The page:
During the two decades that I taught journalism in Washington, D.C., the team at what became the Washington Journalism Center did everything it could to help our students -- who came from all over the country -- see a side of the city that tourists rarely see.
We urged them to visit local churches, black and white. For two years, our students lived in home-stay arrangements all over the city, with families we met through church ties. We sent them on research trips into neighborhoods, using the buses rather than the subways (ask any DC resident what that's all about). Students served as tutors in urban after-school programs and as helpers and babysitters for mothers linked to a crisis-pregnancy center.
In discussions with students I heard one question more than any other: Where are the fathers?
That's the subject looming in the background of media reports about the controversial sermon delivered the other day by the Rev. Jasper Williams Jr., during the epic Aretha Franklin funeral. We will come back to that.
In many ways, this topic has been a third rail in American journalism ever since a 1965 report -- “The Negro Family: The Case for National Action" -- by Daniel Patrick Moynihan rocked American politics (click here for Washington Post backgrounder). Here is the key stat (see this stunning chart), undated to reflect what has happened since: More than 70 percent of all African-America children today are born to an unmarried mom, a stat 300 percent higher than in the mid-1960s.
Here is the overture to the Associated Press story about the Aretha funeral. The key question: Was the heart of this sermon religious or political?
A fiery, old-school pastor who is under fire for saying black America is losing "its soul" at Aretha Franklin's funeral stands firm by his words with the hope critics can understand his perspective.
Rev. Jasper Williams Jr. told The Associated Press in a phone interview ... he felt his sermon was appropriate at Franklin's funeral Friday in Detroit. He felt his timing was right, especially after other speakers spoke on the civil rights movement and President Donald Trump.
"I was trying to show that the movement now is moving and should move in a different direction," he said. "... What we need to do is create respect among ourselves. Aretha is the person with that song 'R-E-S-P-E-C-T' that is laid out for us and what we need to be as a race within ourselves. We need to show each other that. We need to show each other respect. That was the reason why I did it."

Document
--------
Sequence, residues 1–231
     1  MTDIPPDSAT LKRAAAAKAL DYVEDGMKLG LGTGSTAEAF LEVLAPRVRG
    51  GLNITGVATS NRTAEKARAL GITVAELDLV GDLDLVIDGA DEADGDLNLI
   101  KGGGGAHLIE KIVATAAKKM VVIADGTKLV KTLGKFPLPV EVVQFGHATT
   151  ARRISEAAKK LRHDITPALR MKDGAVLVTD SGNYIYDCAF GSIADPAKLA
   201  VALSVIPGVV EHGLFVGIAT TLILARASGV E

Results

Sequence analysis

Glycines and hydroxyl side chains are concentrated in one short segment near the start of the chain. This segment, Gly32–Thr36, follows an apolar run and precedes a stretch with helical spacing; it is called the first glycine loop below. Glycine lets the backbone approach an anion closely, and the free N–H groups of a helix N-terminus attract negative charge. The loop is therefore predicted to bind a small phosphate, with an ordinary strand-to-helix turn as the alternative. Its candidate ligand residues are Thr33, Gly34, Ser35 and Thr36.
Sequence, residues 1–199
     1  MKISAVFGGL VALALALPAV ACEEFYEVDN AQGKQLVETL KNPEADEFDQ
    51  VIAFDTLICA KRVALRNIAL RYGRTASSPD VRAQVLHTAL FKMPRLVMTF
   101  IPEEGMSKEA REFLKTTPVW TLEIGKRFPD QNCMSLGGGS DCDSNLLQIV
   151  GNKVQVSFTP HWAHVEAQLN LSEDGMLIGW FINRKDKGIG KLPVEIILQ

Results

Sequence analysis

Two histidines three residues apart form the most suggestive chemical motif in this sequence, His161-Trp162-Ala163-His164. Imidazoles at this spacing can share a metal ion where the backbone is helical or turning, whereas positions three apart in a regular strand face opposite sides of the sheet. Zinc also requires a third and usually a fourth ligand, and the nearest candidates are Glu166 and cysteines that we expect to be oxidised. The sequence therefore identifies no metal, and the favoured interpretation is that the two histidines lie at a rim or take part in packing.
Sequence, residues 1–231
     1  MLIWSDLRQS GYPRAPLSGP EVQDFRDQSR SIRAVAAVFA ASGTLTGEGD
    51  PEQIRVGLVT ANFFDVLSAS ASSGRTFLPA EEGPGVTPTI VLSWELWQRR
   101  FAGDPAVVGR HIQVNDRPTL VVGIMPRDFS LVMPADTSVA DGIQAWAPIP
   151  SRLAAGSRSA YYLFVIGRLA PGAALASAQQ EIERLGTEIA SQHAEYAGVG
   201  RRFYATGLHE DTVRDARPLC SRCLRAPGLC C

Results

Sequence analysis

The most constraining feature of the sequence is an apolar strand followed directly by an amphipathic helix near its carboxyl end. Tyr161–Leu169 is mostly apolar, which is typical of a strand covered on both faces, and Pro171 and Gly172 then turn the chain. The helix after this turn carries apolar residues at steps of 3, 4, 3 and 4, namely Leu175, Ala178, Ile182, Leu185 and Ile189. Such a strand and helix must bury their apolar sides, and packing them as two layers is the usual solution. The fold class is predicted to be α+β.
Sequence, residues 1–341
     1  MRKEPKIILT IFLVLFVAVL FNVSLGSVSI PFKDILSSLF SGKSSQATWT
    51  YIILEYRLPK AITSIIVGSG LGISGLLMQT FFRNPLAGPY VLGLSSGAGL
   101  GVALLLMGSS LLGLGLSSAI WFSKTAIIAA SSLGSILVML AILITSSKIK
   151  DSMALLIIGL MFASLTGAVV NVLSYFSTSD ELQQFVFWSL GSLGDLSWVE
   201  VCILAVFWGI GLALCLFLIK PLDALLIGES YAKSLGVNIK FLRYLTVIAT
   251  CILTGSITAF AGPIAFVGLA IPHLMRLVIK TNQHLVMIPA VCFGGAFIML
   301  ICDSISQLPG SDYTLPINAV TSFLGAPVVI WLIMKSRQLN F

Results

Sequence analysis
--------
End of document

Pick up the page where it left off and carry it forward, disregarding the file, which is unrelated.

OK, we have vague references to "respect" and "soul," the obligatory Trump nod and zero facts about the topics that Williams addressed.
But here is the heart of the controversy. It's good that AP got this high in the story, although I really think this belonged in the lede:
Williams, who is the pastor of Salem Bible Church in Atlanta, said his words about black women being incapable of raising sons alone were taken out of context. He described as "abortion after birth" the idea of children being raised without a "provider" father and a mother as the "nurturer."
Many thought Williams took a shot at Franklin, who was a single mother of four boys. But the pastor said a household can become stronger with two parents rather than one.
"Here's the root of what I've been talking about: In order to change America, we must change black America's culture," he said. "We must do it through parenting. In order for the parenting to go forth, it has to be done in the home. The home."
To add to the furor, Williams said that it would be easier to say "Black Lives Matter" if the rates of black-on-black crime were lower. Thus:
Some called Williams' eulogy a "disaster" as his speech caused an uproar on social media and in the funeral crowd, including Stevie Wonder who yelled out "Black Lives Matter" after the pastor said "No, black lives do not matter" during his sermon.
"I think Stevie Wonder did not understand what I said," Williams said. "I said blacks do not matter, because black lives cannot matter, will not matter, should not matter, must not matter until black people begin to respect their own lives. Then and only then will black lives matter. That's what I said, and again, and again, and again. We need to have respect for each other. Once we start doing that, then we can begin to change."
There's more, of course. But here is the key: Williams says, over and over, that he's trying to get African-American churches to talk about subjects that are hard to talk about.
Again: Where are the fathers? It's a comment on this day and age that asking that question leads to arguments about black single mothers.
The bottom line, for me: The Associated Press team deserves kudos for following up on the funeral story with this Williams interview. However, perhaps this story needed one or two summary paragraphs about the state of black families in America? The updated statistics are easy to find.
What now? We are talking about a sprawling, painful, complex story that affects urban Americans from coast to coast. Also, it's clear -- as Moynihan predicted long ago -- that patterns seen in black neighborhoods and pews are now affecting women and children of all races in all corners of American life. For example, look at the impact of shattered family structures in the opioid crisis.
Is this a religion story? Listen to Williams, via AP:
"I'm sure much of the negativity is due to the fact that they don't understand what I'm talking about," he said. "Anybody who thinks black America is all right as we are now is crazy. We're not all right. It's a lot of change that needs to occur. This change must come from within us. Nobody can give us things to eliminate where we are. We have to change from within ourselves. It is ludicrous for the church not to be involved. The church is the only viable institution we have in the African-American community. We must step up and turn our race around."